This HVAC for beginners page is designed for the absolute beginner that is thinking about venturing into the HVAC industry and includes valuable resources to help students make an informed decision.
Don't make the costly mistake of paying for some HVAC program (going into debt) only to find that it's not what you want to do for a living. It happens to the best of us in every field of education, partly because we fail to do a little research into our career choice prior to signing on the dotted line. It happened to my brother as I mentioned in my about me page, and it can happen to you.
The LOW graduation rates at most of the colleges, universities, and trade schools is another telltale sign that we have a problem.
If you've already made up your mind to enter the HVAC field, feel free to look around at the many programs available on this website.
Bradley's HVAC Schools entire website is designed to help prospective students to make informed decisions and find the best educational opportunities available online and offline.
In the near future this page will contain beginner HVAC training videos/courses. So if you would like to receive this training on an on-going basis I suggest to bookmark this page and visit at will, sign up with Bradley's HVAC Training for Beginners Newsletter, or subscribe to my blog by clicking on the orange RSS button (located at the right column next to Recent Articles).
For help identifying potential opportunities in the HVAC field or other occupations, visit careeronestop.org, sponsored by the U.S. Department of Labor. Check out their HVAC career video below. The narrator sounds like he needs a chill pill,but otherwise it's a good general description of the HVAC field.
Another good place to research the HVAC Industry and the need for technicians is in the Occupational Outlook Handbook
The low retention and graduation rates of HVAC training schools and colleges is a revealing indication of the need for prospective students to do their due diligence before choosing a career path and signing up with a school.
The National Center for Education Statistics reports - "For first-time, full-time undergraduate students who began seeking a certificate or associate’s degree in fall 2014, the graduation rate within 150 percent of the normal time required for the completion of a program was 25 percent at public 2-year institutions, 62 percent at private nonprofit 2-year institutions, and 61 percent at private for-profit 2-year institutions".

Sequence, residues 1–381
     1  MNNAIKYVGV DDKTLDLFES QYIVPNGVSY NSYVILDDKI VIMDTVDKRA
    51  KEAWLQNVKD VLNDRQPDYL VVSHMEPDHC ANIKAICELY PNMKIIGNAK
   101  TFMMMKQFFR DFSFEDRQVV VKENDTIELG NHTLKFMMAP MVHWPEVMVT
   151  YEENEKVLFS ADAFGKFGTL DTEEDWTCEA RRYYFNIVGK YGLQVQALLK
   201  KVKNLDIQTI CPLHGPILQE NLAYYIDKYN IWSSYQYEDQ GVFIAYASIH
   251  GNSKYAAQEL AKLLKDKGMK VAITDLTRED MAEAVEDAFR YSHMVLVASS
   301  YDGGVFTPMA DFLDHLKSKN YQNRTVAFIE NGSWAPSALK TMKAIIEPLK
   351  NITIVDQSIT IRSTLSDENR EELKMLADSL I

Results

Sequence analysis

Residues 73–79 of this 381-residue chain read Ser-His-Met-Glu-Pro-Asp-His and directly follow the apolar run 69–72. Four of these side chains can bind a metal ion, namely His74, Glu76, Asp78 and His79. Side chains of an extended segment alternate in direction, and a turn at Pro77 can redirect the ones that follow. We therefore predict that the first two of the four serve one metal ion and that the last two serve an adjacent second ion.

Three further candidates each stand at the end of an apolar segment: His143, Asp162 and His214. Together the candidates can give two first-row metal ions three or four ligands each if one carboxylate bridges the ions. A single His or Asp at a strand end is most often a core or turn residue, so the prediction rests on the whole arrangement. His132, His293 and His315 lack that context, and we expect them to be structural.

Low Graduation Video
The U.S. Department of Education - College Scorecard will allow you to compare schools' annual costs, graduation rates, and median salaries after attending.
The College Scorecard is designed to increase transparency, putting the power in the hands of the public.
However, many colleges aren't included at College Scorecard because they don't participate in federal student loan programs.
In fact, hundreds of community colleges and other two-year schools are excluded from the scorecard because they award more certificates than degrees.
Schools excluded from the Scorecard include conservative and religious colleges, including Christian seminaries and Bible colleges. Some reject federal aid because they don't want to be bound by federal mandates.
FAFSA (Free Application for Federal Student Aid - Website: https://studentaid.ed.gov/sa/fafsa
Remember that financial assistance programs and requirements can vary from school to school. Plus, not all colleges and career schools participate in the federal student aid programs. Always check with a school to find out what financial aid is available there.
Federal Student Aid for Adult Students—Provides adults considering college with information on the types of federal student aid available, how to apply, important deadlines, and more.
And remember, it never hurts to ask your employer if assistance is available to help you pay for school.
The O*NET Interest Profiler can help you find out what your interests are and how they relate to the world of work. You can find out what you like to do and helps you decide what kinds of careers you might want to explore."
HVAC Schools › HVAC for Beginners
“Learning is experience. Everything else is just information.”― Albert Einstein
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Mar 02, 20 05:17 AM